The new, larger homes are worth around $1 million, almost double what the nicest older homes were going for even before the floods.
And more are on the way. Randi Cahill, the architectural liaison at the Meyerland Community Improvement Association, says she’s still receiving around 40 applications a month for home elevations, teardowns, and new construction.
Why are people willing to stake their futures on a neighborhood that has been largely ruined by three devastating storms?
“People are willing to forgive a flood for a new or fully renovated house,” says Beth Wolff, a Realtor® in the area. As for the long-term health of the housing market and the life of the community—well, that’s anyone’s guess.
“We’re still in a stage where we’re still not sure where things are going to land,” Wolff says.
Can Houston really protect its residents from more killer storms?
Folks like Dean feel safe with their decision to live in Meyerland due to the elevation of their homes. The idea, of course, is that if another big storm hits, the water is unlikely to rise high enough to get inside. Homes are being raised on just about every block now.
Houston is famous for its lack of construction zoning rules, and its unfettered building booms. But after Harvey, new, tougher regulations were enacted, requiring newly constructed and expanded homes in high flood areas to be elevated 2 feet above sea level. The latest regulations, covering the widest territory yet, went into effect on Sept. 1.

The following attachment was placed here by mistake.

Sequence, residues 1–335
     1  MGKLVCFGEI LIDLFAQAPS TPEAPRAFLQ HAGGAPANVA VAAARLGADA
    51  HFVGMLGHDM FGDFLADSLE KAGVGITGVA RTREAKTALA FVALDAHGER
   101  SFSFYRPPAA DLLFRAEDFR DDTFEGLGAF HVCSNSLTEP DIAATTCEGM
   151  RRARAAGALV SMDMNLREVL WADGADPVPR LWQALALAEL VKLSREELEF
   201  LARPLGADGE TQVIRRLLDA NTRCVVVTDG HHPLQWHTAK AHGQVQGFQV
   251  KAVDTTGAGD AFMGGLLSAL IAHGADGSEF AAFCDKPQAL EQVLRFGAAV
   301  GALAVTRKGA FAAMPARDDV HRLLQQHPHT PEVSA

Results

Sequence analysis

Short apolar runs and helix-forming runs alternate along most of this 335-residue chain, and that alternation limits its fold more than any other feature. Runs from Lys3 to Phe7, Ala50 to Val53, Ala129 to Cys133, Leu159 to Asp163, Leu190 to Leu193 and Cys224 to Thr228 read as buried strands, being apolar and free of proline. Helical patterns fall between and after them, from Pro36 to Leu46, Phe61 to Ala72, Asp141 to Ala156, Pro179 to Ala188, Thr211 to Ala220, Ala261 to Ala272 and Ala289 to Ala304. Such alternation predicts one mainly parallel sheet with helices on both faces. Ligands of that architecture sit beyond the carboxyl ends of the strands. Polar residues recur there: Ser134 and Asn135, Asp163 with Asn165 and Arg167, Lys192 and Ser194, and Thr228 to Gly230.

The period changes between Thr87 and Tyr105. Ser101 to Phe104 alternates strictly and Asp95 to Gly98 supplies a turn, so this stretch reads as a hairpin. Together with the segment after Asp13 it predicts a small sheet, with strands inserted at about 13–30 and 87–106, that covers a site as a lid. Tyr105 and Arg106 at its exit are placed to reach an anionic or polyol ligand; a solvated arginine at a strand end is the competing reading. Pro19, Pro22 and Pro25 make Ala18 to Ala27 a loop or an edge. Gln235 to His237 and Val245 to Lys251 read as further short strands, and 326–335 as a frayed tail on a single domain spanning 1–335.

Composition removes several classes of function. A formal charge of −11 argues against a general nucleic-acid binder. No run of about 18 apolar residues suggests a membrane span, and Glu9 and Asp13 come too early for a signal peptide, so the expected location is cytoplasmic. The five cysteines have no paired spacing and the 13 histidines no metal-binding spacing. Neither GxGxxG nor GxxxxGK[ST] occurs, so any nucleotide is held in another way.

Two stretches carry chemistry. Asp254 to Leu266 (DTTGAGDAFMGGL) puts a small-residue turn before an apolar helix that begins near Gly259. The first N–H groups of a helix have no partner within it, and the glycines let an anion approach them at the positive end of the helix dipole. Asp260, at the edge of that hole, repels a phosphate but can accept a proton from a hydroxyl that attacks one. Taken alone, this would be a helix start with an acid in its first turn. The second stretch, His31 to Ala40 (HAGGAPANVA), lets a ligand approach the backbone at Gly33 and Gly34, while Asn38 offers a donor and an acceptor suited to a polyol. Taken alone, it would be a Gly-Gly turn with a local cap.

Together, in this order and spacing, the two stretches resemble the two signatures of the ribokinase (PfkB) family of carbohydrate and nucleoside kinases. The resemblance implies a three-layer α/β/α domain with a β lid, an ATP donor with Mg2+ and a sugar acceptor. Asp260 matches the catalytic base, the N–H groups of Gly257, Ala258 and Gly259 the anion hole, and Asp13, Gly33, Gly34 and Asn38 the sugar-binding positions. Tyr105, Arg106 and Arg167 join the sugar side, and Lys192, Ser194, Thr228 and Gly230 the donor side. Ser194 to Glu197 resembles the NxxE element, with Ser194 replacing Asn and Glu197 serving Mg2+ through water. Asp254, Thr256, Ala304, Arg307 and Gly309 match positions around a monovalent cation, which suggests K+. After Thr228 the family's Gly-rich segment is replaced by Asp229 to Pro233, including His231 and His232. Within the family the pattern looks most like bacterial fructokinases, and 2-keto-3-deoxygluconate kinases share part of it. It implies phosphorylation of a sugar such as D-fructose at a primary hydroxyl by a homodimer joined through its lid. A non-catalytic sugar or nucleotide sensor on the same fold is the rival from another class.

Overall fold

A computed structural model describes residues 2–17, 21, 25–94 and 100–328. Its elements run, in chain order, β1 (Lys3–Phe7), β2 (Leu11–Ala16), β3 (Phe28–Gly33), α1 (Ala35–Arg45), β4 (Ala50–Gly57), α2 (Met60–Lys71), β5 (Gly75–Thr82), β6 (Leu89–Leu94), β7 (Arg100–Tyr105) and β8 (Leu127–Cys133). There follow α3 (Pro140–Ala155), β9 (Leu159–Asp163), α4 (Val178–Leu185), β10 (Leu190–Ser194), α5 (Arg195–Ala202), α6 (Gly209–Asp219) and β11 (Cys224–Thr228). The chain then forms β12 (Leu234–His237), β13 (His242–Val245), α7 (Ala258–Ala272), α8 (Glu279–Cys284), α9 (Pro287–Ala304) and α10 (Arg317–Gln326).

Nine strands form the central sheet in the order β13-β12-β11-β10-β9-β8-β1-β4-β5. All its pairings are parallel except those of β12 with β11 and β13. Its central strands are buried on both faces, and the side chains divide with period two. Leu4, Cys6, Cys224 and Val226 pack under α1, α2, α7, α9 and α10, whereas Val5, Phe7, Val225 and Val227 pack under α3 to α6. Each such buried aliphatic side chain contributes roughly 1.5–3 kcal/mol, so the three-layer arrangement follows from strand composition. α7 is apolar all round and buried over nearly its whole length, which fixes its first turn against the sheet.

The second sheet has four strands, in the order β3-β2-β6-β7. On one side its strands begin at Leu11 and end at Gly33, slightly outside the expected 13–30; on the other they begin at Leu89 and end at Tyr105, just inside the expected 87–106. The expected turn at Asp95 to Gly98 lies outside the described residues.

While these elevations may ultimately save lives and homes, they’re a big financial burden for many homeowners. The Dennenbergs are being forced to elevate their home just over 5 feet, at a cost of $150,000, in order to get the permits they need to rebuild their home.
Despite having flood insurance, the Dennenbergs are still out of pocket $200,000. (FEMA is covering only $30,000 of the renovation.) That covers replacing four cars destroyed in Harvey, buying new furniture, and paying rent on the apartment they’ve been staying in since the storm.
“It will cost us way more than [what insurance paid out] to put our house back together,” Patti Dennenberg says with a hitch in her voice.